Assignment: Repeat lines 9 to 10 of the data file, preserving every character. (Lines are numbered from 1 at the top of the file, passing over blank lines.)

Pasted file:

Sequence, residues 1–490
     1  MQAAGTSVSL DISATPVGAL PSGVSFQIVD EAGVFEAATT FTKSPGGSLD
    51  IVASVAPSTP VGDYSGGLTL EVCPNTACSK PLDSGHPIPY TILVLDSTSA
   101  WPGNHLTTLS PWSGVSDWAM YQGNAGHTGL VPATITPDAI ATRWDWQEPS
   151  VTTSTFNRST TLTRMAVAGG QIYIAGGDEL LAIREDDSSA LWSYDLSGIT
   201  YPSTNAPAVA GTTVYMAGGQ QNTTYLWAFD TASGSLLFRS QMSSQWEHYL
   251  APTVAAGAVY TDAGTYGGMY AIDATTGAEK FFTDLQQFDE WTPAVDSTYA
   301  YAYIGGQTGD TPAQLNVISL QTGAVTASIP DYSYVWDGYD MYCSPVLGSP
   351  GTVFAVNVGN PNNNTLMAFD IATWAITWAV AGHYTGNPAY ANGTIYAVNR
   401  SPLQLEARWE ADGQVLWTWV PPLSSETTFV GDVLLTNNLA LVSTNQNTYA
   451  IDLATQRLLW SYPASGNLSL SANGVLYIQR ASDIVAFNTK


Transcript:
   351  GTVFAVNVGN PNNNTLMAFD IATWAITWAV AGHYTGNPAY ANGTIYAVNR
   401  SPLQLEARWE ADGQVLWTWV PPLSSETTFV GDVLLTNNLA LVSTNQNTYA